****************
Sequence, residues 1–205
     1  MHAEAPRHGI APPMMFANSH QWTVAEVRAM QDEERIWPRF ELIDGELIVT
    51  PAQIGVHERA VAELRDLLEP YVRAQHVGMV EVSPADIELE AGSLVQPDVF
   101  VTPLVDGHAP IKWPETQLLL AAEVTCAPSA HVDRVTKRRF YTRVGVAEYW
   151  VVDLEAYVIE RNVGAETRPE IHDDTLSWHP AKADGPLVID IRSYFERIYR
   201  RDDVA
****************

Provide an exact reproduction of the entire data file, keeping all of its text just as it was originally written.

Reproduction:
Sequence, residues 1–205
     1  MHAEAPRHGI APPMMFANSH QWTVAEVRAM QDEERIWPRF ELIDGELIVT
    51  PAQIGVHERA VAELRDLLEP YVRAQHVGMV EVSPADIELE AGSLVQPDVF
   101  VTPLVDGHAP IKWPETQLLL AAEVTCAPSA HVDRVTKRRF YTRVGVAEYW
   151  VVDLEAYVIE RNVGAETRPE IHDDTLSWHP AKADGPLVID IRSYFERIYR
   201  RDDVA